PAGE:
For years, Donsol in the province of Sorsogon has been the seasonal home of the butanding —whale sharks, gentle giants that feed only on plankton, fish eggs, and small fish. But all that is changing, as fewer and fewer sightings are being made of these basking behemoths.
“Ilang araw lang na walang sighting. Nung nakaraan mga 12 days na sunod-sunod na walang sightings, tapos nun apat na araw ulit na sunod-sunod na wala,” Raul Burce, project manager at the World Wildlife Fund's (WWF's) Donsol Project, told GMA News Online in a phone interview Friday.
According to Burce, this is unusual because the month of April is usually the peak season for butanding sightings. He recalled that, in the summer of 2010, as many as 15 to 18 butanding could be spotted at the water's surface at one time.
But these days, you would be lucky to see two or five animals at a time.
“Kumpara last year, mas unpredictable this season [ang sightings],” lamented Burce.
From 2007 to 2013, some 377 different whale shark individuals have been documented swimming the temperate seas of Donsol municipal waters.
Based on the WWF's initial study, climate change may be indirectly to blame for Donsol's dwindling whalesharks.
“Walang direktang epekto ang climate change sa whale shark pero [mayroon itong epekto] sa pagkain. Posibleng walang pagkain sa Donsol. 'Pag walang food, hindi nagpapakita ang whale shark,” he explained.
Burce said that plankton, microscopic ocean plants, are very vulnerable to climate change. “Dahil sa sobrang init o ulan, hindi na siya timplado kaya susceptible sa pagbabago ng klima.”
Butanding are considered the largest fish specie in the world, growing up to 18 meters long and weighing up to 34 tons, according to the Butanding Network.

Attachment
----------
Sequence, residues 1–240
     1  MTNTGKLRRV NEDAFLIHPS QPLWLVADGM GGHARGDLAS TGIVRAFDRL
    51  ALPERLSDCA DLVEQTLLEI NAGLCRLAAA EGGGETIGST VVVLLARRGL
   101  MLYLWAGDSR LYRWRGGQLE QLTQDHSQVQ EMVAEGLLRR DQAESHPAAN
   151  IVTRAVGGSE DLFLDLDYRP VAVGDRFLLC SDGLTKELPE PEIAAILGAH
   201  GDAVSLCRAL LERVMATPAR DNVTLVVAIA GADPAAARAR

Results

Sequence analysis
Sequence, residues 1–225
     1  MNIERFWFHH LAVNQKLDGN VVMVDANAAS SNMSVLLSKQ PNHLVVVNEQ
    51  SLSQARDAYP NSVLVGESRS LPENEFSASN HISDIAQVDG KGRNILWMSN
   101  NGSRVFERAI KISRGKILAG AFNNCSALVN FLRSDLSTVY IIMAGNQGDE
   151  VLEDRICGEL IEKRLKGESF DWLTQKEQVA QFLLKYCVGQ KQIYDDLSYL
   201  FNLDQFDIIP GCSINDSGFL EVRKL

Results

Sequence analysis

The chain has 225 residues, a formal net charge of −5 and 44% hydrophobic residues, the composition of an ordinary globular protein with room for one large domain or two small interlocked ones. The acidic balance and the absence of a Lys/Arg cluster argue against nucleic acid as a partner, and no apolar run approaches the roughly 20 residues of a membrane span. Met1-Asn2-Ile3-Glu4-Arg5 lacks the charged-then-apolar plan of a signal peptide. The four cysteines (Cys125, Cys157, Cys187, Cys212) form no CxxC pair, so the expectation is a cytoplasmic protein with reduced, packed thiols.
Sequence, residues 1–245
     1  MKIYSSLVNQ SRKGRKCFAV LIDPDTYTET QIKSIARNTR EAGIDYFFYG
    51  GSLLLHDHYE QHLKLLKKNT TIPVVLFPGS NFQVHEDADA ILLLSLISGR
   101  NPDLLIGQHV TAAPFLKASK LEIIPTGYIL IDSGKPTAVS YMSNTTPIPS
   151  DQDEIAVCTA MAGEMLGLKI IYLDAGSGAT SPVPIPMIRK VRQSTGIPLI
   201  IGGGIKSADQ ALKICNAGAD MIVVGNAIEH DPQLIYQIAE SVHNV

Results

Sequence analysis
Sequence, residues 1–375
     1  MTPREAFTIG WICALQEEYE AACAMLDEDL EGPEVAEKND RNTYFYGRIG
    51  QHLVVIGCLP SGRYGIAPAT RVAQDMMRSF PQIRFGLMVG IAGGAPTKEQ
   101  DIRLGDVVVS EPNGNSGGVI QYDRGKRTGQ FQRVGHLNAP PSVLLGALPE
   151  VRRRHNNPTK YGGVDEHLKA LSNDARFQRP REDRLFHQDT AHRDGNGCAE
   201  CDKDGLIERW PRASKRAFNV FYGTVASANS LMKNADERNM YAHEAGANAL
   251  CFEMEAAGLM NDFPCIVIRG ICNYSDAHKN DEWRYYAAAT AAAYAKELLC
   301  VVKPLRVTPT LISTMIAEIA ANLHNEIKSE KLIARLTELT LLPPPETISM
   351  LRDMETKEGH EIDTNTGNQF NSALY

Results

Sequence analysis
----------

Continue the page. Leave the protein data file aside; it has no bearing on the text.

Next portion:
In relation to climate change, Burce said that the season for whale shark sightings has also been changing: it appears to be starting earlier than usual.
Last year, the first sighting of butanding was noted on October 25, according to Burce. However, in previous years, whale sharks would only be spotted beginning in December.
“Nabago na ang pattern. This year napaaga ang appearance, tapos March to April (na dating peak season) halos wala na,” he said. “Kaya 'yung mga turista nag-aadjust na rin.”
Breaking the rules
Apart from butanding sightings, the main attraction for tourists both local and foreign is the chance to swim with these calm creatures.
Burce said that there are strict rules for such encounters, but Butanding Information Officers (BIO) and tourist guides sometimes don't follow them.
In particular, tourists are sometimes allowed to touch the whale sharks despite clear rules against doing so.
The volume of watchers is also a problem, he said.
“Ang carrying capacity lang ng isang boat ay six tourists lang pero ang nagswimming minsan hanggang 20 katao kaya nabubulabog [ang mga butanding],” Burce explained.
“’Pag maraming turista, umiiwas ang butanding dahil takot sa tao,” added Burce.
The steady uptrend in tourist arrivals in Donsol since 2000 is now pressured to address the problem of fewer whale shark sightings.
In 2012, the local government of Donsol collected at least P6 million in fees and taxes alone, fueled by a record-high of over 27,000 tourist arrivals, Burce said.
In contrast, between January and April 2013, Donsol experienced a decline in tourist arrivals steep enough to upset many residents, who depend on tourism for their livelihood.
“Ngayon lang kami naka-record ng drop sa tourist arrival. Dahil less [ang] sighting, noong January to April mas mababa ng 12.5 percent ang tourist arrival,” he said.
“Malaki ang epekto sa turismo pag walang sighting… Pag walang turista, walang booking sa mga resorts, boat rental, van rental, at tricycle,” the WWF program director said.
“But since the season is not yet over, there is still no definite conclusion if the downward trend will continue for the rest of the year,” Burce added.
Retagging the whales
According to Burce, the decline in butanding sightings can be studied more carefully through the use of tagging devices.
Over the last five years, Donsol’s whale sharks have been intermittently tagged. However, due to budget constraints, they are not sure if they can do it again this year.
Such tagging devices can help researchers trace the butandings' migration routes and patterns to hopefully gain insights into the mysterious change in their behavior. — TJD, GMA News